As you might expect it is a mixed picture. Most people from ethnic minority backgrounds identify as British and speak English as their main language. And in some places the laissez-faire approach has worked pretty well. If integration is in part “how far and fast they are becoming like us” (Professor Shamit Saggar) then at least in the harder objective measures of educational and economic outcomes several ethnic minorities have swiftly reached and then outperformed the White British average.

On the other hand certain other groups, including Pakistanis and Bangladeshis, Somalis and some Black Africans, continue to lag behind and/or to live somewhat more separately. Moreover the scale and speed of immigration in recent years seems to have created more separation in housing and schooling in certain areas at least between the White British and most visible minorities (who are mixing more among themselves).

To call this “white flight” makes it sound a more active rejection of mixing than it appears to be. Nonetheless, Eric Kaufmann of Birkbeck College, London, found from the 2011 census that more than 40 per cent of visible minority Brits live in wards where the White British are in a minority, in some cases a small minority. And the figure was only 25 per cent as recently as 2001. Partly as a result of that “drift to familiarity” a majority of ethnic minority school pupils now go to schools where the White British are in a minority.

Data cannot capture some of the most important, “lived” aspects of integration, though we describe what we know about peoples’ feelings in the Integration Hub chapter on attitudes and identity. Data may also conceal big differences. For example, a majority of households of South Asian ancestry continue to speak a language other than English at home. In some cases this will mean a high degree of separation and little contact with mainstream British life, but in other cases it will signify a confidently integrated bi-lingual/bi-cultural life with an ancestral language spoken within the family but English spoken fluently at work and among friends.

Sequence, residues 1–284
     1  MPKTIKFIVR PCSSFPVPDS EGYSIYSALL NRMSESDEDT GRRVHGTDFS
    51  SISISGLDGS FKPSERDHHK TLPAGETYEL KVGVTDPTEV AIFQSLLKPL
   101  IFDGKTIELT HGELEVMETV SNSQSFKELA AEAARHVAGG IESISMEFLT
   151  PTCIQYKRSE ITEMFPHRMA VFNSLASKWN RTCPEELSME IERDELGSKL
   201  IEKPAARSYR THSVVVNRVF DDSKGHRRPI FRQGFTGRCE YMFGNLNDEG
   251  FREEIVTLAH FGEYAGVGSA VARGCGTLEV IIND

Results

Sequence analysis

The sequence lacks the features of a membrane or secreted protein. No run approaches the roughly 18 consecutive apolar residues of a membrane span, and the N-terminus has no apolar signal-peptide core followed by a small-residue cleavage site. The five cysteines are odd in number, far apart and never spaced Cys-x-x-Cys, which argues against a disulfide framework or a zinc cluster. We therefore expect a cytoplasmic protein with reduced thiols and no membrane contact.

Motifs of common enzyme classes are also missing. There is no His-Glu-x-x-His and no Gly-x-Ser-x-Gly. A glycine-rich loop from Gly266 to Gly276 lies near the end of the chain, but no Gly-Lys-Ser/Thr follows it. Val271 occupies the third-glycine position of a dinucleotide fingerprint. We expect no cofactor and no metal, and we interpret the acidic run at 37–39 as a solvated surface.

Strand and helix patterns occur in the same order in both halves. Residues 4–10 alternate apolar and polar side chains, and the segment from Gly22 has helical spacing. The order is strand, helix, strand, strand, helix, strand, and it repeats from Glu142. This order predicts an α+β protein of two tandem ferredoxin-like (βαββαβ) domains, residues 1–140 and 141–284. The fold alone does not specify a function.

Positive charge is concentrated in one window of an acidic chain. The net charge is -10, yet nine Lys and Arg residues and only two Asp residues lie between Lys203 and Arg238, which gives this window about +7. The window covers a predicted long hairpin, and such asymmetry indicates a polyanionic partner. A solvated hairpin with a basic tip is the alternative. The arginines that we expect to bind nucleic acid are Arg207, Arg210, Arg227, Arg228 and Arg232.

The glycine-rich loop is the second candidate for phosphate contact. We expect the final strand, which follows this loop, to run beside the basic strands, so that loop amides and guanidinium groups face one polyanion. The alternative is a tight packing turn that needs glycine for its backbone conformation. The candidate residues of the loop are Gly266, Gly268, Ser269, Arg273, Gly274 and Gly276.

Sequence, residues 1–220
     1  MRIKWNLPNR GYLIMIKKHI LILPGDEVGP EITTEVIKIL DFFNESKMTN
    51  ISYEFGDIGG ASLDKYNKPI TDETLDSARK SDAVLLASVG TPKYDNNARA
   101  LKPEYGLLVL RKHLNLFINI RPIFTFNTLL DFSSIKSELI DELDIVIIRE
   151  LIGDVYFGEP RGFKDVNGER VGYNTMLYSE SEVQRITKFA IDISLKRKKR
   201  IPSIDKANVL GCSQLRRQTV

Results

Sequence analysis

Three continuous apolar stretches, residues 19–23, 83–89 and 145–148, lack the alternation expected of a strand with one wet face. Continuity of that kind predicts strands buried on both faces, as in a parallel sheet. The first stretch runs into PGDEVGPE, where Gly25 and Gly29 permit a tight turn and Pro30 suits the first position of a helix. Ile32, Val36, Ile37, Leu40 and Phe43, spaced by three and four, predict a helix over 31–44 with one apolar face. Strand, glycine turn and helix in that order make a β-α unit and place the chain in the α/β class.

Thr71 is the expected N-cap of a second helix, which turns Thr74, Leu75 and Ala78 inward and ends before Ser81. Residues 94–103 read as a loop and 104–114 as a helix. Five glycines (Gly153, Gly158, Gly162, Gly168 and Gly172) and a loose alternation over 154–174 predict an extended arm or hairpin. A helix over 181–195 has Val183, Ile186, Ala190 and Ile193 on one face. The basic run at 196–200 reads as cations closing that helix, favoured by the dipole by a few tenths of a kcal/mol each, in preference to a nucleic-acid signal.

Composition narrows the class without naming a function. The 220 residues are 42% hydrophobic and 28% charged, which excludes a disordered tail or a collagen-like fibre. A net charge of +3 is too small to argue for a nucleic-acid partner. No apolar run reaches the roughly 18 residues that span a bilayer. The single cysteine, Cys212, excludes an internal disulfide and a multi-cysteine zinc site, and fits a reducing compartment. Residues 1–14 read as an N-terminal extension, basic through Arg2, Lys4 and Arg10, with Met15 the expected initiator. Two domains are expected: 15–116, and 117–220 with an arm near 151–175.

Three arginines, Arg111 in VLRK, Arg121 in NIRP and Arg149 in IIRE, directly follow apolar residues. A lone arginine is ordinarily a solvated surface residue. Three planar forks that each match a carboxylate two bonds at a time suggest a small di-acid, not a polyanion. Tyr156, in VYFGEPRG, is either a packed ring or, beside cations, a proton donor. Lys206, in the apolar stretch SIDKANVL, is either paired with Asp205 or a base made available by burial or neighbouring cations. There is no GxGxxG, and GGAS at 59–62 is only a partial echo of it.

Integration is not an all-or-nothing thing. Many individuals, even large groups, are well integrated at work or in the wider culture but may remain quite residentially segregated, resisting the classic pattern of moving out of the inner city and dispersing into the suburbs.

There is also a complex relationship between integration and economic success. Some of the most integrated groups in terms of human relationships, such as British Caribbeans, are among the least successful minorities economically, and some highly successful British South Asians continue to live mainly monocultural lives.

Barriers to integration are broadly of three kinds: factors such as poor education, limited grasp of English and ignorance of cultural norms which generally fade with time; resistance to integration from the minority itself; resistance to integration from the majority. But integration is not something that just happens to people or groups. Different groups bring different attributes, cultural traits and strategies to the business of integration.

Ceri Peach, one of the most eminent academics in the field, has described an “Irish” strategy, which is essentially one of assimilation, and a “Jewish” strategy, which is about combining upward mobility with strong retention of cultural traditions. Successful South Asians have emulated the Jewish strategy.